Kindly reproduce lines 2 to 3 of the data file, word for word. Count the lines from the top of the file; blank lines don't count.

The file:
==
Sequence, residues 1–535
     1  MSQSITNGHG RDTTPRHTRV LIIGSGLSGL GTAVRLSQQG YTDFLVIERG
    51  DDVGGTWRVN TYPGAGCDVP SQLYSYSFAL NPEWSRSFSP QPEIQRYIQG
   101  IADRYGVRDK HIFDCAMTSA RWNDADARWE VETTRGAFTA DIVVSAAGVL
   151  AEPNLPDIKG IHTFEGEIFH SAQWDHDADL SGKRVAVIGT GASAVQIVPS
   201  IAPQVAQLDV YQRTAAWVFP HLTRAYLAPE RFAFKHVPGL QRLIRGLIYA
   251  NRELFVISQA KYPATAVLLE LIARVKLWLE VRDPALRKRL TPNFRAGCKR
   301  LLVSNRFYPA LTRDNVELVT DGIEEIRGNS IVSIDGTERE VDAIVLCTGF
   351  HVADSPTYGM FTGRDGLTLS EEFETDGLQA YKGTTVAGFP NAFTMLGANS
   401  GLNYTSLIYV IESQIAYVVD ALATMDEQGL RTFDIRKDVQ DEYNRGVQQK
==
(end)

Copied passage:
     1  MSQSITNGHG RDTTPRHTRV LIIGSGLSGL GTAVRLSQQG YTDFLVIERG
    51  DDVGGTWRVN TYPGAGCDVP SQLYSYSFAL NPEWSRSFSP QPEIQRYIQG